The chapter titles in Sword Dance are taken from the poetry of John Milton. I hope he’s not spinning in his grave.
- A Double Share of Wisdom
The next time Jennet saw the man from the pool was a meeting at work, the first Fall gathering of the Dean’s advisory council. She almost didn’t recognize him with his clothes on, but the icy blue eyes, the long face with its large nose and firm chin, and the head of loose brown curls were familiar enough to catch her attention. Now that she was closer, she could see that he had a noticeable scar on his face, a line that stretched from the side of his nose upward across his right cheek. If he’s at this meeting, he must be member of the faculty. She was starting her second year at Parnell, and hadn’t met that many people yet. She knew all the Classicists, of course, but had become acquainted with only a few professors from other departments. She cast a glance or two his way during the meeting, but the one time his eyes met hers, they moved neutrally over her as though she didn’t exist. He’d probably never even noticed her in the Wellness Center.
Serving on the Dean’s advisory council was a fairly onerous duty, she’d been told, requiring almost weekly meetings in Fall during the season of reappointment, tenure and promotion. In Spring, the Dean broke the council up into smaller groups to work on special projects. Her chairperson, Michael Templeton, had asked her to serve.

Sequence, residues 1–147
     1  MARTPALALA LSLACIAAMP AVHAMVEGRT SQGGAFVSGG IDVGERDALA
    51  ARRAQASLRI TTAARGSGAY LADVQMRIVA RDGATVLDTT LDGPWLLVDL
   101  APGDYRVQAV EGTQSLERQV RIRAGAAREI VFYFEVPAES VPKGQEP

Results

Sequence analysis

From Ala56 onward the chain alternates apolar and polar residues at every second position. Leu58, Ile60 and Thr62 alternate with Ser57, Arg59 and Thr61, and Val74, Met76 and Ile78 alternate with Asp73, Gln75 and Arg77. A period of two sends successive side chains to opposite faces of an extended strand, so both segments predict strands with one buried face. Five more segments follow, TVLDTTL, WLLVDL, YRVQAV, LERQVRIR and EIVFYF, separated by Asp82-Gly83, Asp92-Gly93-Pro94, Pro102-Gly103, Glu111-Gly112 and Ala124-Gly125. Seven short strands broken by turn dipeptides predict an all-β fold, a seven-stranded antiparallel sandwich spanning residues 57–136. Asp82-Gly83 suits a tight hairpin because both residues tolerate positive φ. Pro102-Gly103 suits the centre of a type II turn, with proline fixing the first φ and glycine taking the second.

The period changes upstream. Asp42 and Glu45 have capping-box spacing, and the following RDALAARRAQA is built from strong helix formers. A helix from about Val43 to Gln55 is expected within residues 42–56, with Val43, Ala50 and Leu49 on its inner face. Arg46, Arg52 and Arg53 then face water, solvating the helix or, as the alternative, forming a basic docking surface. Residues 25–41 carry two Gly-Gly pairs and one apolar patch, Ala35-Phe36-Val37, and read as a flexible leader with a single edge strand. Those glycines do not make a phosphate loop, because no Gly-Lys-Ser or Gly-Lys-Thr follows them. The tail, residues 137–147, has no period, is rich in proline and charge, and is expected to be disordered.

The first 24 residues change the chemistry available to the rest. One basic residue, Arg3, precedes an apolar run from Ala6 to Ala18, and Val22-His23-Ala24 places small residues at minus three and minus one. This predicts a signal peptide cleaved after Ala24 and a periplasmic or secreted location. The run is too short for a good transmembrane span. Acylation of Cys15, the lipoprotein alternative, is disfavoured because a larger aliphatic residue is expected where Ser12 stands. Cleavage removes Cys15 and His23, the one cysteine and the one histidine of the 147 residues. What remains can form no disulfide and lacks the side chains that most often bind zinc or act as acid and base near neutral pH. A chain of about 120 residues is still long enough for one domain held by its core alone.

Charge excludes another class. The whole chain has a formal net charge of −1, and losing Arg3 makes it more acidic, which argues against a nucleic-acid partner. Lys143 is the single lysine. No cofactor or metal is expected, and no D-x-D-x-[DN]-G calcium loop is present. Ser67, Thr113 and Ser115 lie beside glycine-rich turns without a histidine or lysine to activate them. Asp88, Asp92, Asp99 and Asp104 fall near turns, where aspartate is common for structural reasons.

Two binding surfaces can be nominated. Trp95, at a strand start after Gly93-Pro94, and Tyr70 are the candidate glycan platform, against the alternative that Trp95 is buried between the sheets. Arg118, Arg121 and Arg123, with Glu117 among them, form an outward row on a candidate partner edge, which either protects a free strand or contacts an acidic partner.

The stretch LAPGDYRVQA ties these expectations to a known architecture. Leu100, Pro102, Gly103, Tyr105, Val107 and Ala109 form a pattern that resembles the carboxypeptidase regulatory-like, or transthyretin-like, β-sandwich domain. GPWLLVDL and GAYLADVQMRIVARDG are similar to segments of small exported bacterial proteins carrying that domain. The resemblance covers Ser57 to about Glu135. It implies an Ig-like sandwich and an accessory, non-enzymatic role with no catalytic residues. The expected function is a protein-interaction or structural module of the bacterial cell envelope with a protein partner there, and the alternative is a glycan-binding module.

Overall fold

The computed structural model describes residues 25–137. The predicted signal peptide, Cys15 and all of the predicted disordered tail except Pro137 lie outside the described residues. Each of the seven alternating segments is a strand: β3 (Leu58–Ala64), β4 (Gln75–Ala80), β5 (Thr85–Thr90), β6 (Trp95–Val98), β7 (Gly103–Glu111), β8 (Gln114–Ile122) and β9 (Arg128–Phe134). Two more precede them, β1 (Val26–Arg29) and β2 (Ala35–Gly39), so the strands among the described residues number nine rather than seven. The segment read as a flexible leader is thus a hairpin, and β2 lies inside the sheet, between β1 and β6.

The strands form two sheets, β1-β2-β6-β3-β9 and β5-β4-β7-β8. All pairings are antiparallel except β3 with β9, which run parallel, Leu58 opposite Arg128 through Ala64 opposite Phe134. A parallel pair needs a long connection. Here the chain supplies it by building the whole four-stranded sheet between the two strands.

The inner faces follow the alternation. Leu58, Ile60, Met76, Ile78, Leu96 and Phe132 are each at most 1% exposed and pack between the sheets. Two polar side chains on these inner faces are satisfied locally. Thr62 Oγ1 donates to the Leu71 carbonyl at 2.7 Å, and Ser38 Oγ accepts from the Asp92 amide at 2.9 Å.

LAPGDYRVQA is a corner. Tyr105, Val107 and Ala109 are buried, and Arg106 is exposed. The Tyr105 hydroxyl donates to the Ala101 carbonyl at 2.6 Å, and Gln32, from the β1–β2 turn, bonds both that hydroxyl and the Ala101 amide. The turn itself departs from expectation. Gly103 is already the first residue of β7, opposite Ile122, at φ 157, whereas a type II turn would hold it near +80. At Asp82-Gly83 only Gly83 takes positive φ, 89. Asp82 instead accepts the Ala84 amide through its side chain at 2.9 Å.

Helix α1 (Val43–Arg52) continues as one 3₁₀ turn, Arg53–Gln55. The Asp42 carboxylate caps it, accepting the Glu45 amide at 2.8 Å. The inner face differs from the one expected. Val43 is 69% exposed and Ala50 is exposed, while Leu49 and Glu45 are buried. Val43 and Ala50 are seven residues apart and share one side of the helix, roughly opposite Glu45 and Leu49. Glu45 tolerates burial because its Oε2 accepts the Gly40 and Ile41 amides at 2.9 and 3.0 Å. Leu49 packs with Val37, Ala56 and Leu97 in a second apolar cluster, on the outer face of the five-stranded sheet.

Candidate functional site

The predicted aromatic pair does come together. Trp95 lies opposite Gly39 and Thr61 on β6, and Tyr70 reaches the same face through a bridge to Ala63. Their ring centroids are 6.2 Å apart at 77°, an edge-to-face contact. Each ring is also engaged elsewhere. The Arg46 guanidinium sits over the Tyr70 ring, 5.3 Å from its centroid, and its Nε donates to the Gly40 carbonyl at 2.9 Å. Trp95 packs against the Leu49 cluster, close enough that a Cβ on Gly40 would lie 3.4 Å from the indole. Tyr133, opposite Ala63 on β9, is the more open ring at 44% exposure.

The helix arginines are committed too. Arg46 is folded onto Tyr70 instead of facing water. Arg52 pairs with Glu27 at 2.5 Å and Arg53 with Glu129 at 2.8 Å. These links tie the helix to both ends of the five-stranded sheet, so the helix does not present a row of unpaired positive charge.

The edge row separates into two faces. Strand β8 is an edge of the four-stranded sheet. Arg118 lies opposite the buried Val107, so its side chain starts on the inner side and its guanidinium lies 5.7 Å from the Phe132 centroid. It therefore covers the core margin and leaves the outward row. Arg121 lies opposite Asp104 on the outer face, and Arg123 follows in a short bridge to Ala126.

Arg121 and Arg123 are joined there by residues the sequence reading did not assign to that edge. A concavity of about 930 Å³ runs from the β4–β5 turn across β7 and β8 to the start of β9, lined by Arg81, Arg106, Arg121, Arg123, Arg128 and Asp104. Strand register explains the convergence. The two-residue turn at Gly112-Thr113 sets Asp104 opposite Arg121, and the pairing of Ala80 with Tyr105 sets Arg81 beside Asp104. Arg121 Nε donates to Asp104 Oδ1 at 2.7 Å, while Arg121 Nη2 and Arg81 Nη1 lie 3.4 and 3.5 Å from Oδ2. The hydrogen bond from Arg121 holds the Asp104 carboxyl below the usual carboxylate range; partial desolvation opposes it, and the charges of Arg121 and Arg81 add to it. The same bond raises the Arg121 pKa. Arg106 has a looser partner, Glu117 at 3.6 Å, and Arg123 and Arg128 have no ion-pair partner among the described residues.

“I know this is only your second year, Jennet, but you’re a senior faculty member, and I need someone tenured for this committee. It’ll help you meet people and get involved in university life. And you’ll learn how things work, too. You’ll find it interesting.” Michael was overselling it, she had no doubt. And as a newly hired senior faculty member, she’d been already been asked to take on a heavy load of committee work, including an Affirmative Action Office task force on gender parity at the university. But Michael was desperate for a volunteer, and he had such a hopeful look in his eyes that she didn’t want to disappoint him. Michael had a knack for charming people into doing what he wanted; he was a good Chair.
So far, the proceedings had been dull, and conducted at the ponderous, deliberate pace typical of formal academic committees. At the moment, George Tennison, Dean of the College of Arts and Sciences at Parnell State University, appeared to be completely absorbed in reading emails on his iPad while one of the Associate Deans gave the council a report on admissions figures. As the soporific voice droned on, Jennet pinched herself to keep her eyes open, yawning involuntarily. Across the table, the representative from Physics caught her eye and winked. She sat up straighter.
“…And now we move to my favorite part of the proceedings and yours,” George was saying, “the distribution of tenure files. You’ll break into pairs and each pair will prepare a set of files to present to the rest of us for discussion. To help wake you up,” he added with a sharp glance at Jennet, “I’ve devised a lottery to select the pairs.”